In 1936, Maynard Keynes published his General Theory of Employment, Interest and Money
, probably the most scathing critique of laissez-faire economics ever formulated. One of the main targets of Keynes' blistering attacks was the then leading Cambridge economist A C Pigou (1877-1959), cited (rarely approvingly) 83 times in General Theory
Pigou epitomised perfectly the prevalent conservative attitude to public policy: left to their own devices, competitive markets always produce the most perfect of all possible worlds. 'Involuntary unemployment' in Pigou's worldview is an oxymoron: in a competitive labour market the only reason for individuals not to supply their labour is that they prefer enjoying leisure time to working. And yet comparing this most conservative establishment figure to our present-day Tory policy-makers shows the precipitous decline in the standards of public discourse.
Let's take, as an example, the very notion of a 'Nanny State' and the call to arms by the Tory intellectual colossus, Priti Patel: 'It's time to reject the Nanny-State big government creep that has infected this government and once again embrace our true Conservative values to inspire Britain and deliver a prosperous future'.
The dictionary definition ('a government that tries to give too much advice or make too many laws about how people should live their lives, especially about eating, smoking, or drinking alcohol') could be interpreted charitably by saying that the state ought not to interfere with its citizens' behaviour, even when individual actions are unambiguously detrimental to the individuals themselves. Even a cursory perusal of current conservative thinking (as expressed, for example, by Liz Truss' favourite think-tank – the Institute of Economic Affairs) provides ample evidence that libertarian principles trump evidence of self-harm.
And yet an uber-conservative like Pigou not only would have found such 'thinking' superficial and incorrect, but also would have advocated a much more interventionist stance. In the pursuit of the common good, Pigou argues, the State may have to prevent individuals from taking actions that are good for them individually.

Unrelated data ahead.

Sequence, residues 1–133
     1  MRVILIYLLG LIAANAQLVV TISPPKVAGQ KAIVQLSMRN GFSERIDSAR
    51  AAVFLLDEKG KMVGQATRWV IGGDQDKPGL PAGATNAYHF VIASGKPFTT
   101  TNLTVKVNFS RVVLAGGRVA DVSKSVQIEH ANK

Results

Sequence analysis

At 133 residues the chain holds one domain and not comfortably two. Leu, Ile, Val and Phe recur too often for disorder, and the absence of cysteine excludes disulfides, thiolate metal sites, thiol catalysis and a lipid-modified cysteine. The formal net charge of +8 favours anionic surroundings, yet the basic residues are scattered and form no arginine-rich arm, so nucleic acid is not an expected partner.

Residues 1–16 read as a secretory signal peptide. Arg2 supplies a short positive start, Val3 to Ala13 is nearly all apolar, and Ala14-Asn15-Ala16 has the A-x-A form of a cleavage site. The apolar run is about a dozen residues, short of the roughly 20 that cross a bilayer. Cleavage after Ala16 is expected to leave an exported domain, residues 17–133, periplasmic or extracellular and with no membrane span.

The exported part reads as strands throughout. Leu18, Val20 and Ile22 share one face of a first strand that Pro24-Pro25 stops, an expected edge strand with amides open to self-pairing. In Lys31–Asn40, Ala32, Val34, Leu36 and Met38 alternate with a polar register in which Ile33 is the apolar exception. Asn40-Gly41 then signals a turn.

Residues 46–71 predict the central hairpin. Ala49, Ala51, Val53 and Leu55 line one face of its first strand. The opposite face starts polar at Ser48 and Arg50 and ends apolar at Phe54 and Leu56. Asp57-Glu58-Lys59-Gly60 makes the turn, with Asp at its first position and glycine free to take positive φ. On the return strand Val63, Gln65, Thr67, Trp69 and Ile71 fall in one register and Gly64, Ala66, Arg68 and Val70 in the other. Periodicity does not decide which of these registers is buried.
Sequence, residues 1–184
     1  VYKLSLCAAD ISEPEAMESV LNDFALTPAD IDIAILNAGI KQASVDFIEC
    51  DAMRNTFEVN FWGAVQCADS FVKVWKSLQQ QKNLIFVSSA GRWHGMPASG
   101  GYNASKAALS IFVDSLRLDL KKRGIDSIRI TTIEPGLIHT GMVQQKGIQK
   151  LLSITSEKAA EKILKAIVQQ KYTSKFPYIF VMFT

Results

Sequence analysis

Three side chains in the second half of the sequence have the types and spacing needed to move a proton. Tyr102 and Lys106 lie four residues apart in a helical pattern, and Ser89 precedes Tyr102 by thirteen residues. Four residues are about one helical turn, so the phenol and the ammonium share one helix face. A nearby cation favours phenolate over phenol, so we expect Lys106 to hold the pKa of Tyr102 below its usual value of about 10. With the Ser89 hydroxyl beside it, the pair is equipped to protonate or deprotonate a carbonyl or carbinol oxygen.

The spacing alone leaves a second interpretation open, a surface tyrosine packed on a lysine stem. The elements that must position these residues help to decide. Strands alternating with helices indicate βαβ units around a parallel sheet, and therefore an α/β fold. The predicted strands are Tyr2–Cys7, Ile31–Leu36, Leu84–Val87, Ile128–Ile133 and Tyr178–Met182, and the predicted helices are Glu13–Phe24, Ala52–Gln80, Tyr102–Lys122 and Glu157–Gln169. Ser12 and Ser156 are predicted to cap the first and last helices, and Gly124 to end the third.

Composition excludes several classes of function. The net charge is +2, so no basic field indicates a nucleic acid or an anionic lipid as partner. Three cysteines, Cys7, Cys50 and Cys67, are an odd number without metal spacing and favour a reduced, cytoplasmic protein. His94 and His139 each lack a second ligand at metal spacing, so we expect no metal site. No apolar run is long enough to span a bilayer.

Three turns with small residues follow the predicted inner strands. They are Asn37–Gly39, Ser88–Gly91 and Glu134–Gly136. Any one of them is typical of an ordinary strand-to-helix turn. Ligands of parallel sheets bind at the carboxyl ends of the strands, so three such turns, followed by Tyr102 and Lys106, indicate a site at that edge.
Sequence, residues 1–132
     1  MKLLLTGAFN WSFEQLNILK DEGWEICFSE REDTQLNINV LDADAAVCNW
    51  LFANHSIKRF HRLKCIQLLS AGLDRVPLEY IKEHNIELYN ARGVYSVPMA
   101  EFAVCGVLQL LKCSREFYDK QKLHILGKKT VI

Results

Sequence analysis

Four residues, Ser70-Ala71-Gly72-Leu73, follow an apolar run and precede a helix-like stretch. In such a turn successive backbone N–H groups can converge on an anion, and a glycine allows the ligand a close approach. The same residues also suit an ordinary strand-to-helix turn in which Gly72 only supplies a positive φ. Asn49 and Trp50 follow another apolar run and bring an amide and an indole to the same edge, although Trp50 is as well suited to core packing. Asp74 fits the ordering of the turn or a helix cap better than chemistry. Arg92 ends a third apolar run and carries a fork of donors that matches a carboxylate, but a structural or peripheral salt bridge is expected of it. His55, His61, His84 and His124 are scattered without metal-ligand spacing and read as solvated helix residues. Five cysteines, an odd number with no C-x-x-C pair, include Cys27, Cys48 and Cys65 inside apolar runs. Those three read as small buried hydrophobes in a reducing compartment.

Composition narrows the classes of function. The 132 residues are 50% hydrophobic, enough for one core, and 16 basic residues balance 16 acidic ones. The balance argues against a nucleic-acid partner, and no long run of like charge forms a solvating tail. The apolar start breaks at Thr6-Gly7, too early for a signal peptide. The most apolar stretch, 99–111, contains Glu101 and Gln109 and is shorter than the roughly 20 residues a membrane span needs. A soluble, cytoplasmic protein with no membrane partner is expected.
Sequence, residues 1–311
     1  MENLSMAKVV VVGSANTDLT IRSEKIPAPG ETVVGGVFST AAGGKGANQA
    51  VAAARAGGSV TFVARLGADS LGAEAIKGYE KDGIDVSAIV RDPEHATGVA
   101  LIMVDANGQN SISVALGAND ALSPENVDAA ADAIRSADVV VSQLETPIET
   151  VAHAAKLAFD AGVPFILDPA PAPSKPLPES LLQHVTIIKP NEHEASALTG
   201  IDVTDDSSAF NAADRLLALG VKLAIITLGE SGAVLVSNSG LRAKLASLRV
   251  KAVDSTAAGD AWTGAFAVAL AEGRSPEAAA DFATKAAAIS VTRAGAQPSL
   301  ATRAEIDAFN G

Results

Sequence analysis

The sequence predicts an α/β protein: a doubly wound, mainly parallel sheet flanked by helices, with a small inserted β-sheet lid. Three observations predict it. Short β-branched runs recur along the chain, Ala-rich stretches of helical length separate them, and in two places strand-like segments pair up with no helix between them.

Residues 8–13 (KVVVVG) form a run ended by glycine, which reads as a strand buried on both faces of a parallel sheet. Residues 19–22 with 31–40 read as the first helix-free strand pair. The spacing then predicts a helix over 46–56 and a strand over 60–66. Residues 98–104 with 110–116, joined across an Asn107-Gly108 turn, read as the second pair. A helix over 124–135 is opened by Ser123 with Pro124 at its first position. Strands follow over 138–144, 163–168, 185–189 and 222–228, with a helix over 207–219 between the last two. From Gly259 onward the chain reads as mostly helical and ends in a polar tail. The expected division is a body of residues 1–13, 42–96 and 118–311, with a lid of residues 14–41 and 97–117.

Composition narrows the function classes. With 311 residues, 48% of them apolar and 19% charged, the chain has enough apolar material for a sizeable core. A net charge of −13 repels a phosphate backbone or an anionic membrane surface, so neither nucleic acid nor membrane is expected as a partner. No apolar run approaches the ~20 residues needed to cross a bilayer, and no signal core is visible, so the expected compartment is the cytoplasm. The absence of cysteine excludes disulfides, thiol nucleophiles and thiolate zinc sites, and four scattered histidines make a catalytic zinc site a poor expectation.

This apparent contradiction goes to the heart of current poverty of ideas and ideals in the Tory Party, which seems to have forgotten that there is such a thing as 'society' even from a Conservative perspective.
I shall illustrate this point by resorting to one of Pigou's own examples. Suppose that two localities (A and B) are linked by two separate routes: Route 1 is the shorter link between A and B, but travel time depends on congestion, whereas Route 2 is longer, but its travel time of 60 minutes between the two cities is unaffected by traffic. To make computing travel times easier, let's assume that the travel time in hours on Route 1 is the same as the percentage of motorists who choose it. So, if 50% of motorists choose it, it will take 30 minutes to travel between A and B, whereas if 100% of motorists select it, it will take 60 minutes.
The choice of the optimal route for any motorist interested in minimising travel time is a no-brainer: Route 1 will be chosen because even in the worst-case scenario of every motorist travelling on it, travel time will never be longer than on the 60-minute-guaranteed Route 2. No need for the Nanny State to interfere with travel decisions taken by motorists in possession of all the relevant data. Right?
'Wrong!' says Pigou. What is the correct decision by every member of society is not necessarily the correct decision for society as a whole and therefore there is a role for the State to intervene 'for the public good'. How, in our traffic example? By redirecting 50% of motorists to take Route 2 and the remaining 50% to take Route 1. By so doing, the average travel time, that in the laissez-faire scenario was 60 minutes, in the regulated scenario falls to 45 minutes – an unambiguous improvement.
What is the concept that made a thoroughly conservative intellectual like Pigou grasp the basic notion that society is essentially different from the sum of its citizens and that present-day Tory politicians are deaf to? It is the idea that economists label as an 'externality'. An externality is any action taken by an individual which impacts (either beneficially or detrimentally) the welfare of others. In our traffic example, the decision to take the shorter route – which is perfectly reasonable for a single individual – ignores the effect on other motorists' travel time, i.e., the increase in congestion.
Perhaps pseudo-libertarians à la Rees-Mogg or Truss could learn about society not from – God forbid – socialist thinkers, but from fellow Conservatives with a proper intellectual background.
Dr Manfredi La Manna is a Reader in Economics at the University of St Andrews